Question of the Day: Are you celebrating Pride weekend?

SAN FRANCISCO (KTVU) - Businesses in San Francisco's Castro and float builders are busy getting ready for all the people who are expected to flood the city for this weekend's parade. 

From outward appearances the Castro is relatively calm on a Wednesday night, but KTVU went behind the scenes to give a sneak preview of what to expect starting with the parade. 

At a waterfront warehouse, crews are busy putting the final touches on the floats they've built for the 48th annual Pride celebration and parade. 

The floats are whimsical in design, but clear in their message about inclusion. 

"Pride is political. It's a political parade. It started political. Even though it's more of a party now than it used to be, it still has political undertones," said Stephanie Mufson, a master float builder.

The celebration is undoubtedly a party and a protest. 

Disco played at Finn Town Tavern in the Castro. It sets the backdrop for the owners' homage to past and present iconic figures of the LGBTQ community. 

A cocktail named 'Tails' of the City is a tribute to Armistad Maupin. The owners say Pride is remembrance and resistance.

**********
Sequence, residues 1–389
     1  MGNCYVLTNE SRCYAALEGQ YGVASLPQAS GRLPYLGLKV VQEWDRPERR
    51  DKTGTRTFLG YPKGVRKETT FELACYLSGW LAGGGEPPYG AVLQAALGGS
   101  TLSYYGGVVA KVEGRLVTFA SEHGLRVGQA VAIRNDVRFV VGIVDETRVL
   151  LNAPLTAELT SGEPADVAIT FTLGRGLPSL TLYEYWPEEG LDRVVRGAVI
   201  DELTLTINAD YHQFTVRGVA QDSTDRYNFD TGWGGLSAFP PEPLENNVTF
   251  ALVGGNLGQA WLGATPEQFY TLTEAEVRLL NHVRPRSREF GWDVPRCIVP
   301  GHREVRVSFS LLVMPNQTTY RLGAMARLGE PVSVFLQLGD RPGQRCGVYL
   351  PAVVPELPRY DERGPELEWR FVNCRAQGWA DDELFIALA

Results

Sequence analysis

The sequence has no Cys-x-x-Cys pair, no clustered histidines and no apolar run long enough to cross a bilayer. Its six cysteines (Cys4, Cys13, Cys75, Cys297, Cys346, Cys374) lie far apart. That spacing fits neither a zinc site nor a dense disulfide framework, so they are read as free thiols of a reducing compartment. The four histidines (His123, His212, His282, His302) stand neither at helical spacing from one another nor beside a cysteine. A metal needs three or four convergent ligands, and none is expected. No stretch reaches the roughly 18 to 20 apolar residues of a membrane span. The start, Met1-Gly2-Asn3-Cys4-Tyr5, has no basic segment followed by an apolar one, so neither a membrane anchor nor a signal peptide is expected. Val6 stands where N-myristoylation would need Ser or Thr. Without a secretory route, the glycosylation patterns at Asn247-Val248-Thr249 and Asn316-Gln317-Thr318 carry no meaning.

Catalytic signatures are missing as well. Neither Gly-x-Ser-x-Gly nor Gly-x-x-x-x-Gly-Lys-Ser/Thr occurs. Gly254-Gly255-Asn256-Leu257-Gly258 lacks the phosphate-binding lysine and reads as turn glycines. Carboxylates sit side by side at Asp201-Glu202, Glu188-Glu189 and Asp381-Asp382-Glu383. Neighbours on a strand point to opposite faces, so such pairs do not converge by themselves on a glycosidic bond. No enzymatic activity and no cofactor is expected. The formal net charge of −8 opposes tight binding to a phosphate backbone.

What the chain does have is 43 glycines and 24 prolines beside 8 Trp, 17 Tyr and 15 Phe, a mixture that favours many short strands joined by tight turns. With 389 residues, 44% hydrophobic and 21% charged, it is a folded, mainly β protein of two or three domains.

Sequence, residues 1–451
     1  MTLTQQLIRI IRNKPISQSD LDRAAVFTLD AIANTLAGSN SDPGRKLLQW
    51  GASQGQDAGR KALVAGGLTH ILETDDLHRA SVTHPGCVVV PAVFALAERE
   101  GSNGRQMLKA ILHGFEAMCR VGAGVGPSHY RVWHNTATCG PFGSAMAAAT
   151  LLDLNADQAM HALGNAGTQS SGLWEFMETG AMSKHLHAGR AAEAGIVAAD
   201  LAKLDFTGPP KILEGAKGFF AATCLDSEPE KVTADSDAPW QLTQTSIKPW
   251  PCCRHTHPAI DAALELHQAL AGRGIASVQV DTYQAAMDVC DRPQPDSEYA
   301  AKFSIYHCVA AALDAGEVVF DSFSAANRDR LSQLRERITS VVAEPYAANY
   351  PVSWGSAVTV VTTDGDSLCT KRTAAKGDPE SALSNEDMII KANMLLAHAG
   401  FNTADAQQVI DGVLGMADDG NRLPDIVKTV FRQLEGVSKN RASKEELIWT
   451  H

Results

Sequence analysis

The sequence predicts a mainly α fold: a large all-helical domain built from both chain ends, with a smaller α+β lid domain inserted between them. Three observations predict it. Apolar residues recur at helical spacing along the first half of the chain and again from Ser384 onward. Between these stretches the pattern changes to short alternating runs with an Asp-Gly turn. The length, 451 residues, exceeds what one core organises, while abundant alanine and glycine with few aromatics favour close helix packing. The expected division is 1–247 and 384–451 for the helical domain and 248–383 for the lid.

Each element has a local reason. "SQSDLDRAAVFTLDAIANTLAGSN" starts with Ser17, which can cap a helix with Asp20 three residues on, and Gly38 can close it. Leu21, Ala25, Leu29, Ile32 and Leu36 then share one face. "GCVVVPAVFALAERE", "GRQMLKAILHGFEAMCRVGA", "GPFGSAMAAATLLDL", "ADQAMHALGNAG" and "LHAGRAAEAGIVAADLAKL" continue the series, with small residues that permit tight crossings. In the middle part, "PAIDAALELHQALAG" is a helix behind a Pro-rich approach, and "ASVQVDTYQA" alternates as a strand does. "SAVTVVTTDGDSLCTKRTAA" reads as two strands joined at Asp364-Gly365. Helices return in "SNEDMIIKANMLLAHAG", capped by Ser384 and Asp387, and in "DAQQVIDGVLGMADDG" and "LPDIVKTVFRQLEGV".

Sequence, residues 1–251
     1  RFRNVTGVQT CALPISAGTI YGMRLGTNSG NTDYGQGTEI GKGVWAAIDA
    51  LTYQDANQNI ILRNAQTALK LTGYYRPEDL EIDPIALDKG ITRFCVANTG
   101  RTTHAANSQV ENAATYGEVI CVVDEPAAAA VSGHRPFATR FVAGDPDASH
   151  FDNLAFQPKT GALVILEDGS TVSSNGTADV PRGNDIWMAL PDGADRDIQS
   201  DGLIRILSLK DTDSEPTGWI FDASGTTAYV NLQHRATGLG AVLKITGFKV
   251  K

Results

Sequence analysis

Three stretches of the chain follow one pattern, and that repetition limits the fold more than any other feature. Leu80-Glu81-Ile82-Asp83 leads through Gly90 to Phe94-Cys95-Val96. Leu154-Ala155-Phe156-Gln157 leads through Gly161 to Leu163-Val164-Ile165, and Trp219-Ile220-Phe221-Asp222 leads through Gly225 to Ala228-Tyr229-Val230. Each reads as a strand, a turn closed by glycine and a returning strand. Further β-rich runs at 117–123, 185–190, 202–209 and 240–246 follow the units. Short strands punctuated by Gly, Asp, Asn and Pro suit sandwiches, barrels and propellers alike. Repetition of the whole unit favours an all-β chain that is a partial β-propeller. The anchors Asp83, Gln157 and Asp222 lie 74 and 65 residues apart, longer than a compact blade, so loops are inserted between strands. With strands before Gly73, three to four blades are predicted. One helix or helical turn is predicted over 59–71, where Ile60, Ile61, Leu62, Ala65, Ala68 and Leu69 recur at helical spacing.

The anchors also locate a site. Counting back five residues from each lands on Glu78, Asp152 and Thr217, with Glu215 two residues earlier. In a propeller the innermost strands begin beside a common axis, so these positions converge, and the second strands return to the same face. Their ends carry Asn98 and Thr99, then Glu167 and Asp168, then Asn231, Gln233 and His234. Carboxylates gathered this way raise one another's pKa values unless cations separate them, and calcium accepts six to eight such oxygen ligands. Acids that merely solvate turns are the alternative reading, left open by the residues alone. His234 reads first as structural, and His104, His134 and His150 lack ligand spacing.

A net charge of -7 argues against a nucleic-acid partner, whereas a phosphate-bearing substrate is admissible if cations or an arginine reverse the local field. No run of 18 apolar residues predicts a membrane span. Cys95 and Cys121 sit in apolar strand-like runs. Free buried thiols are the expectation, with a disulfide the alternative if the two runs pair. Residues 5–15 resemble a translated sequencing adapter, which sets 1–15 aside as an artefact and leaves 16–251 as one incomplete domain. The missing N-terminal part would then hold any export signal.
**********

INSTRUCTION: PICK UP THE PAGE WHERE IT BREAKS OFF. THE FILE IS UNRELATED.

"The fight is still there. It's a combination like I said; celebratory, reflective but also we still have a lot of work to do to make sure everyone has equal rights," said Rick Hamer, co-owner of Finn Town. 

He anticipates business will be up as much as 40 percent compared to a normal weekend. He says visitors from as far away as Europe are in town to celebrate. 

"It's really important. It helps us. when you look at the calendar year for business, this is one of the top three," Hamer illustrates. 

Pamela Peniston, co-founder of the Queer Cultural Center, is being honored by Pride celebration organizers for promoting the art work of LGBTQ artists. 

She will be in the parade as the recipient of the Audrey Joseph Entertainment Award. 

"I want the artist to know i'm there for them and that I'm trying to create safe space," she said. 

Meanwhile, back at the warehouse, a painter from France says he's helped build floats for Pride celebrations in Paris and Berlin. 

This is his first San Francisco Pride. 

"As you can see, everything is coming together, so it's very exciting," Pierre Clauzin said. 

Crews have built 35 floats in three weeks. They hope to have it all done by Friday, line them up outside the warehouse Saturday, then early Sunday morning, the floats will be moved to the starting point of the parade at Market and Beale. 

Organizers estimate that up to a million people will be attending this weekend's Pride festivities in the city. 

City officials are urging revelers to sign up for Pride-specific emergency alerts: SF Alert System sends text messages and instructions following police and fire emergencies, as well as traffic disruptions and disasters. Users can sign up by texting Pride SF to 888 777